Worrying is like a rocking chair

My brother-in-law said something good when Elsie was a couple of years old.  I told him that when she was born (at 24-weeks gestation) we sat beside our critical baby, born before any part of her body (inside or out) was ready and all of a sudden the drought and the failed crops didn’t matter; we gained a new perspective on life. But a couple of years on, the drought was still there and the crops had failed again and we had a healthy two-year old and I told my brother-in-law that we’d lost all that new perspective I thought we’d gained. We’d started to worry about all the things we used to worry about.

And he said it probably meant that our lives were going along smoothly.

Sometimes I find myself worried or anxious about small things. Really small. And it’s only now that I’ve sat down and said that out loud that I see how small some of them really are.

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I don’t worry about things that have happened in the past. Some people do. A mistake they made or a decision they wish they hadn’t. I think that decisions are made based on the facts available at the time and that makes them right. It’s only hindsight that proves the decision wrong.

It’s not that. But it’s equally as unproductive. I worry about things that haven’t even happened yet. Possibly or probably won’t ever happen. And just like the ineffective worry about something in the past, I know that there are no positive results that can come from worrying about something in the future. In fact, I’ll probably invite or create negative results with my negative thinking. The more you worry, the more you worry and it’s a habit I don’t want to form.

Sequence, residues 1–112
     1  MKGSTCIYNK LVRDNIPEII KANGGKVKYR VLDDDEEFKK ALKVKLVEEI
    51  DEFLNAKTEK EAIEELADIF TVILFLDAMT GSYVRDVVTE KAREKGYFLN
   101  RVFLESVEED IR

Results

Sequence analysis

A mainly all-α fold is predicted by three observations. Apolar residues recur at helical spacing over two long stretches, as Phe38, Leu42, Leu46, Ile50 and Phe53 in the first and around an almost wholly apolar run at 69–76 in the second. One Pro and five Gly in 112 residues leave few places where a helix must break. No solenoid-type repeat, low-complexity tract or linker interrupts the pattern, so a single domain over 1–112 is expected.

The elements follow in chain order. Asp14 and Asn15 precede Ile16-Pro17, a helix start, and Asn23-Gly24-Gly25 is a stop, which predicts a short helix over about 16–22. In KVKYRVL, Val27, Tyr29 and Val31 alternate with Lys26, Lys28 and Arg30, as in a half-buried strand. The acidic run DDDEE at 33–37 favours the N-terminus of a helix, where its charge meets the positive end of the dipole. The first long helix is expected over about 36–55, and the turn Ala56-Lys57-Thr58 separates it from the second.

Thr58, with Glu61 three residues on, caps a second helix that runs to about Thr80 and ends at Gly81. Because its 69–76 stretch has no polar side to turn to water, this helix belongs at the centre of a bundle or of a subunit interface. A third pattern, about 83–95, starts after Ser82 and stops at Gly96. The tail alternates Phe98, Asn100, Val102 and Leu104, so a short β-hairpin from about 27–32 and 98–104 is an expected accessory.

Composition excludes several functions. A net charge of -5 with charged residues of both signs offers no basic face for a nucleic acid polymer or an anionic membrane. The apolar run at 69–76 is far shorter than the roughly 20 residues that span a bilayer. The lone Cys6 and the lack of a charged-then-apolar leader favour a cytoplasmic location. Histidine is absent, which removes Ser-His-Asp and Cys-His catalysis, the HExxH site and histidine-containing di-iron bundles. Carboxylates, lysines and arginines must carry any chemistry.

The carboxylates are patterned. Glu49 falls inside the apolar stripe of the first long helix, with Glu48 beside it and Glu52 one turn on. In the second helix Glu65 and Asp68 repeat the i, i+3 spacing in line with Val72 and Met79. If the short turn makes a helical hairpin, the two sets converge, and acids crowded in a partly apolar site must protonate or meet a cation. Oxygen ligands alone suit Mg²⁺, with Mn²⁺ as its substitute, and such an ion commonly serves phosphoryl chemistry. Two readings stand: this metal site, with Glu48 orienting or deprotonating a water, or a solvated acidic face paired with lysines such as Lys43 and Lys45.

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So. I got in touch just now with my good friend, Google. And I want to share a perspective I found on perspective (clever use of the two meanings of perspective in the one statement, no?). Psychologist Dr Bill Crawford suggests that we choose our perspective on something by standing back and asking ourselves some questions:

Is the way I am seeing this situation and/or myself within this situation serving me and those I love? Is it helping me create the experience of life I want? Is this perspective helping me make quality decisions about what to do next? Is the way I am interpreting what I see helping me define who I am and who I am becoming in a way that works for me? Would I recommend this perspective to someone I loved? Would I want to teach this perspective to my children, or children in general? Is this view of myself and the world coming from love or fear, and which of these is the energy I choose to guide my beliefs, emotions, actions, and experience?

And all of a sudden, worrying about how many nursery mobiles I need to get in the post this week (while I’m pushing Maeve on the swing and telling her ‘Only 10 more pushes then I need to go and do some jobs’) isn’t serving me well. Nor Maeve. It’s not the experience of life I want and I wouldn’t recommend this perspective to someone I loved. I wouldn’t teach it to our kids.

So thanks, Bill. For putting it so clearly for me. Thanks Maeve and Elsie for acting like puppies that want to sniff every blade of grass and investigate every beetle while I just want to jog around the block.